Attorney General Ellen Rosenblum of Oregon has issued a fresh warning about fraudulent student loan schemes. He has warned those students who took loans under new schemes of the government.
Scams are unfortunately emerging in the wake of promising new federal student loan programs, such as the Public Service Loan Forgiveness (PSLF) initiative and the White House’s recent announcement on loan forgiveness. Both the PSLF payment moratorium and the PSLF waiver opportunity expire on December 31, 2022.
How Students Can Have Safety From The Scammers?
Here are some critical safety guidelines: Oregon residents should not respond to unsolicited phone calls, emails, or social media messages from people who claim to be able to expedite the forgiveness or refinancing of student loans. Do not give in to the temptation of accepting an unexpected offer without first verifying its veracity. Most likely, that is not the case! Read About Fauci through this link.
Phrases like “pre-enrollment for all loan forgiveness” or “you must apply within the next 24 hours” are frequently used by con artists. Don’t give in to their ploy!
Is There Any Need To Pay Money For Applying For These Loans?
Signing up for the new loan forgiveness program — or the payment pause — does not cost anything. There is no way to skip the line, get in early, or be guaranteed admission. “Anyone who claims they can, or who tries to charge you money, is trying to scam you,” Ellen Rosenblum said.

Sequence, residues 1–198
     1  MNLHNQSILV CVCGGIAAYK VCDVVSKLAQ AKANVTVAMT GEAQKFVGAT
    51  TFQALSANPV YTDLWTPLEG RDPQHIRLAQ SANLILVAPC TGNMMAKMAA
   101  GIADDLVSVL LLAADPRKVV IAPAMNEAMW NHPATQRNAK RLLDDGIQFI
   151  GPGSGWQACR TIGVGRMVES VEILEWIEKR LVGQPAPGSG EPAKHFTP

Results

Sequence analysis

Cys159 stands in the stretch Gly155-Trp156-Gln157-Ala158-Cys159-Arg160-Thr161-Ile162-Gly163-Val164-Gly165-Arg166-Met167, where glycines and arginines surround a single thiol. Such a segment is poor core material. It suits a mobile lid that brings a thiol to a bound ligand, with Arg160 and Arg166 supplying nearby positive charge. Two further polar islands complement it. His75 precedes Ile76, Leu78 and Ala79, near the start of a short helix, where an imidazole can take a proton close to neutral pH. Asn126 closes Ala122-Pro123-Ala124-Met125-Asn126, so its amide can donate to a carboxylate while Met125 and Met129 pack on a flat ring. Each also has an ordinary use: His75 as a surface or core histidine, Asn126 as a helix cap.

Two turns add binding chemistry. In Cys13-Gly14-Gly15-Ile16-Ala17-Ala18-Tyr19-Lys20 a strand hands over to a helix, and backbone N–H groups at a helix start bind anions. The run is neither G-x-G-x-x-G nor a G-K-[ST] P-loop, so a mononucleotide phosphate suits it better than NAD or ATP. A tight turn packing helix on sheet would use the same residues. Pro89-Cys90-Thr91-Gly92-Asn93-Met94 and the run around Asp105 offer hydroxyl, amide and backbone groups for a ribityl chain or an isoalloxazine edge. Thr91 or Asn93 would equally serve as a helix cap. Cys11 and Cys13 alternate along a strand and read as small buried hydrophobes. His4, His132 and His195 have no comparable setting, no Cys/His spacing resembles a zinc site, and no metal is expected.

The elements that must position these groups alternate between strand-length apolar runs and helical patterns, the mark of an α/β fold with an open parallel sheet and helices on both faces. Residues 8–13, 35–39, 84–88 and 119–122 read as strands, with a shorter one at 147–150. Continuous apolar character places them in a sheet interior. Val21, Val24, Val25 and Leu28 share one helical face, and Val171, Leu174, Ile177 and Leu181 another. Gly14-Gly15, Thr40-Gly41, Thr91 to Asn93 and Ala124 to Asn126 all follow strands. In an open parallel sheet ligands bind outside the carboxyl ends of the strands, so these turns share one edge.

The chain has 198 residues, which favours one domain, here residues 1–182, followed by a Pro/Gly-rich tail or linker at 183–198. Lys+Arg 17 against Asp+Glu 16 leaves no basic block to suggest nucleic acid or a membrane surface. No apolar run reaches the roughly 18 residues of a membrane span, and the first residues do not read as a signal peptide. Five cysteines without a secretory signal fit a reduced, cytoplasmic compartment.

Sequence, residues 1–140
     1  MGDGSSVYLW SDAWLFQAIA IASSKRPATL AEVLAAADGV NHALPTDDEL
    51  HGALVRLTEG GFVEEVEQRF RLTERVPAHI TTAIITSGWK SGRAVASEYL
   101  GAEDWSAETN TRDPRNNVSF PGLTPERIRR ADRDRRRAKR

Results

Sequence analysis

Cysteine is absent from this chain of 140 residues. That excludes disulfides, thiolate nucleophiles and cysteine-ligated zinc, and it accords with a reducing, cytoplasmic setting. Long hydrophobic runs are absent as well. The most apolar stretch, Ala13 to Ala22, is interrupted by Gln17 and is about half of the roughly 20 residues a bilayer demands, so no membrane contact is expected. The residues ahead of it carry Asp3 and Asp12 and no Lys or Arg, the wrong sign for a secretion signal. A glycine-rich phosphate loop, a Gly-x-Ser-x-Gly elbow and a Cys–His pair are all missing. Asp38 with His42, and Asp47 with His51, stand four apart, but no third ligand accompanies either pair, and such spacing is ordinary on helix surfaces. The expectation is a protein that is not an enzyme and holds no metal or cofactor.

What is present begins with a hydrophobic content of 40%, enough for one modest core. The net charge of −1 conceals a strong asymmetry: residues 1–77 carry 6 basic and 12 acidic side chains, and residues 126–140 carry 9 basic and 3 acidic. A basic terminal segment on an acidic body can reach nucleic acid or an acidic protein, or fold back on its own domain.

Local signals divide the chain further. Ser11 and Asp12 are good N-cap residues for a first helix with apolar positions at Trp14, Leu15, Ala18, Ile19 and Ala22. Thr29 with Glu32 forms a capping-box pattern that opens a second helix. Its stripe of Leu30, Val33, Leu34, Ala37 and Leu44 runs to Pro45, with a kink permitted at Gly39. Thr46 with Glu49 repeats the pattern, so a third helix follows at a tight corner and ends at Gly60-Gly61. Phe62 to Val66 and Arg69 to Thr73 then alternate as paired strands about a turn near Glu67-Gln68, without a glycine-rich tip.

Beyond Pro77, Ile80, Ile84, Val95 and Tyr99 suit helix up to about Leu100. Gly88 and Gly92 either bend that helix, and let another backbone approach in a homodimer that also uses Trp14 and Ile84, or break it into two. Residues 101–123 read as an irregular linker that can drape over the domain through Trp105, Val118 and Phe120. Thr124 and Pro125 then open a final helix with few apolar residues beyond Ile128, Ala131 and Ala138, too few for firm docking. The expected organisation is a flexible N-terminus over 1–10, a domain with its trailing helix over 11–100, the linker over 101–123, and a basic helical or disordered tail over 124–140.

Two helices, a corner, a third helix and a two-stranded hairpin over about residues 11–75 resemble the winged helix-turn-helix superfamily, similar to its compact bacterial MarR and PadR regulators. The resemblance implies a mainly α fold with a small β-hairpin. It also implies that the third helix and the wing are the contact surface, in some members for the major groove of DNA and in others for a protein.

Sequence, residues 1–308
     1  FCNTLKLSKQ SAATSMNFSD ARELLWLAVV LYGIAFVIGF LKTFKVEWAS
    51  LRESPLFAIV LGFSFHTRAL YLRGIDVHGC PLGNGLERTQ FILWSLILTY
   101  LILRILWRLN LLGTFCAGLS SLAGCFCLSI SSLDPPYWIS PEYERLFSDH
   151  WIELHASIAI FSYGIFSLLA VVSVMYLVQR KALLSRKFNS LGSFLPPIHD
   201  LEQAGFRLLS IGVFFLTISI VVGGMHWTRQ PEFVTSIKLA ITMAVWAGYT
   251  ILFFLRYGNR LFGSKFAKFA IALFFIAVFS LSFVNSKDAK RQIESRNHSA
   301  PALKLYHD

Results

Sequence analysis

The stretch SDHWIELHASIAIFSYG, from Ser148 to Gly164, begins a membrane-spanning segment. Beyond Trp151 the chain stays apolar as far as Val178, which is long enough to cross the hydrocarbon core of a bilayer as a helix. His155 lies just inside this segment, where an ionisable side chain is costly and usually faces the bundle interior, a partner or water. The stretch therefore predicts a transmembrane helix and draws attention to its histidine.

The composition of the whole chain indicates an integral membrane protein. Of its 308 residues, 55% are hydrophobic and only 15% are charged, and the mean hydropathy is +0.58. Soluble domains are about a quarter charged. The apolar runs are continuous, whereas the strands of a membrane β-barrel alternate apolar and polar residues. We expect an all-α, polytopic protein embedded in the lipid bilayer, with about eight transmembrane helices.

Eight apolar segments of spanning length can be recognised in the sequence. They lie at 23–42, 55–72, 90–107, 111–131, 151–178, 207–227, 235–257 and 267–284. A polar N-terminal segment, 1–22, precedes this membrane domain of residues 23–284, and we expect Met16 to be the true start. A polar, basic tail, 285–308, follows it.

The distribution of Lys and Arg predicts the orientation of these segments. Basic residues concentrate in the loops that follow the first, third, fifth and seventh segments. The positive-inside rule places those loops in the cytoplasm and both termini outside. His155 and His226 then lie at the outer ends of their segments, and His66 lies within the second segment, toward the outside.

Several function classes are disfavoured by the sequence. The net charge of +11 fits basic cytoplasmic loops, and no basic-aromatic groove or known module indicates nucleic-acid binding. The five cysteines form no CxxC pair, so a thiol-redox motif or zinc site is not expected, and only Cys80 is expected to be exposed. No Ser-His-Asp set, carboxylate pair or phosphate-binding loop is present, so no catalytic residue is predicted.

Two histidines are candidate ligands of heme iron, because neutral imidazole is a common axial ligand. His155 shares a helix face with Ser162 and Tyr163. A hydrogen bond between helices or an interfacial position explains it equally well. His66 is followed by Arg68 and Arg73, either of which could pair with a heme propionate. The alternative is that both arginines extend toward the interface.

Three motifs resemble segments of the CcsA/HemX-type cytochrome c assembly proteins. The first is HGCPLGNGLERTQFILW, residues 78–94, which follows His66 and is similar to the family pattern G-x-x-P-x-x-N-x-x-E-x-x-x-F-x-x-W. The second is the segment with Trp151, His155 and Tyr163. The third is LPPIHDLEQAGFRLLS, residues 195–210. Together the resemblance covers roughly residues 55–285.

By the time they graduate, students in Oregon with loans owe an average of $36,091. Oregon residents owe over $19.0 billion in total student loan debt.
Benefits Of These Loans
More than 3,500 residents of Oregon have had their loan balances completely canceled thanks to the Public Service Loan Forgiveness Program. With these kinds of figures, it’s easy to see how student loans can become a lifetime of responsibility and an appealing target for con artists.
As one critic put it, “one of the worst parts of this type of scam is that it scares people away from applying for the forgiveness or cancellation that they are entitled to.” stated Lane Thompson, the Student Loan Advocate for the state of Oregon. You might want to read about Dua Lipa
Make sure your federal loan servicer has your most up-to-date contact information and that you are familiar with who they are if you still have outstanding student loans. Please sign me up for updates from the Department of Education so that I may be informed when the newly announced loan forgiveness process has begun.
You can use that to learn the most up-to-date information regarding the suspension and possible cancellation. Also, keep in mind that all government websites for loan forgiveness or PSLF applications will end in “.gov.”
What To Do If Someone Has Scammed You?
If you or someone you know has been the victim of a student loan scam, you can submit a complaint form to the Attorney General’s Consumer Hotline online at www.oregonconsumer.gov or by calling 1-877-877-9392.
You can contact the Oregon Department of Consumer and Business Services, Division of Financial Regulation at 1-888-877-4894 or check out their student loan website to learn more about student debt or file a complaint against a student loan servicer.
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